Earlier this month, news footage of a male runner smacking a female news reporter on the butt went viral. Alex Bozarjian, a reporter at NBC affiliate WSAV, was covering a race in Savannah, Georgia, when the incident happened.
Unsurprisingly, people were shocked by the footage. The man could be seen running behind Bozarjian and smacking her bottom before sprinting away. Bozarjian is visibly shaken by the incident and briefly falters before getting back to her report.
Bozarjian spoke out about the incident on Twitter, writing:
"To the man who smacked my butt on live TV this morning: You violated, objectified, and embarrassed me. No woman should EVER have to put up with this at work or anywhere!! Do better."
Bozarjian also earned support from other social media users, particular fellow reporters. "DO NOT TOUCH REPORTERS. Period," WLOS reporter Caitlyn Penter said.
Savannah Sports Council, which runs the event, said that the moment was "100% unacceptable" and that they would work to identify the man. They eventually did, and banned him from all future events.
But now, the man could also face up to a year in jail. Thomas Callaway, 43, was arrested on charges of sexual battery after turning himself in on Friday evening. Those charges are punishable by up to 12 months in county jail, though Callaway was released on a $1,300 bond pending a court date.
Bozarjian's lawyer, Gloria Allred, told BuzzFeed News:
“Alex Bozarjian is glad that law enforcement is taking this matter seriously. She feels that a reporter should be able to do her job without being assaulted.”
“If this case goes to trial, she will be a witness. For that reason, she will have no further comment until the case concludes, but she does hope that there will be a just result.”
Chatham County Sheriff John Wilcher told BuzzFeed News: “I think it’s sad that this happens to somebody, sad that somebody would do that type of thing.”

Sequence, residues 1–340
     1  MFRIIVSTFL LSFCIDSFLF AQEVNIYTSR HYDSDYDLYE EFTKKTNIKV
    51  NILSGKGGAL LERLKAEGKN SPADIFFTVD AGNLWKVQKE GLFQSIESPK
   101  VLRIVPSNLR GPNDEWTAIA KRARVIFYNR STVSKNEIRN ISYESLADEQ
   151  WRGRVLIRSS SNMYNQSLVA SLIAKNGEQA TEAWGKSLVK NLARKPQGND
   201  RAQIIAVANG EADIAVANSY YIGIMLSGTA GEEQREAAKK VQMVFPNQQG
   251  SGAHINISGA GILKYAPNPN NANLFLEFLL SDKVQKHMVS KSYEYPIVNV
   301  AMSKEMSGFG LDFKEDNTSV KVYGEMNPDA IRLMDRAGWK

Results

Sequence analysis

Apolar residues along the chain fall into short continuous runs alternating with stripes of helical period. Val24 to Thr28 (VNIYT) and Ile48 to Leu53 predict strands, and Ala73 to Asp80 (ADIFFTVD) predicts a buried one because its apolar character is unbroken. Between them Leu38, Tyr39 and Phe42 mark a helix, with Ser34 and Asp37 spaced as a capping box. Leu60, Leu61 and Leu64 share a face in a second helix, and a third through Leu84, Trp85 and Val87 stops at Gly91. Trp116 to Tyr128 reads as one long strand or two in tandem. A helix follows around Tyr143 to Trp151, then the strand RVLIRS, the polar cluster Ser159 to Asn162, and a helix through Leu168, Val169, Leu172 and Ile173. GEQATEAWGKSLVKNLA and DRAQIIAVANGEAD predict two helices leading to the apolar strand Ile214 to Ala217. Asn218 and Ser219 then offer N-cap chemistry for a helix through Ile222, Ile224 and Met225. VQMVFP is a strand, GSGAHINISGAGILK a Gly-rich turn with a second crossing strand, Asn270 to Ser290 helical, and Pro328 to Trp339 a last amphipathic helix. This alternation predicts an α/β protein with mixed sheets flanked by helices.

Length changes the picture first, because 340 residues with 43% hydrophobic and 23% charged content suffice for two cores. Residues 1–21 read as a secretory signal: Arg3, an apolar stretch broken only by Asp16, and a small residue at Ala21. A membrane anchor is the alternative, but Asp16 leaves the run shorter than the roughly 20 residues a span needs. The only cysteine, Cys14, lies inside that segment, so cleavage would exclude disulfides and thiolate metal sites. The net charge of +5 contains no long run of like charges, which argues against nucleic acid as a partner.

Bianca Johnson, a spokesperson for Savannah Police Department, said the arrest was made after Bozarjian filed a police report.
In an interview with Inside Edition, Callaway said that he got "caught up in the moment.”
“I was getting ready to bring my hands up and wave to the camera to the audience, there was a misjudge in character and decision-making," he said. "I touched her back. I did not know exactly where I touched her."
Callaway also addressed the reporter's statement on Twitter, saying: "The two most important words were her last two words, ‘do better.’ And that’s my intention.”
The Boy Scouts of America cut ties with Callaway after it emerged that he was a leader with the organization.
“We immediately removed this individual and prohibited him from any future participation in our programs,” the Boy Scouts said.
Callaway’s lawyer, Joseph Turner, told WTOC that the man is a “loving husband and father who is very active in his community.” Turner said that they are “working with those involved to correct the situation. While we regret the situation, Mr. Callaway did not act with any criminal intentions.”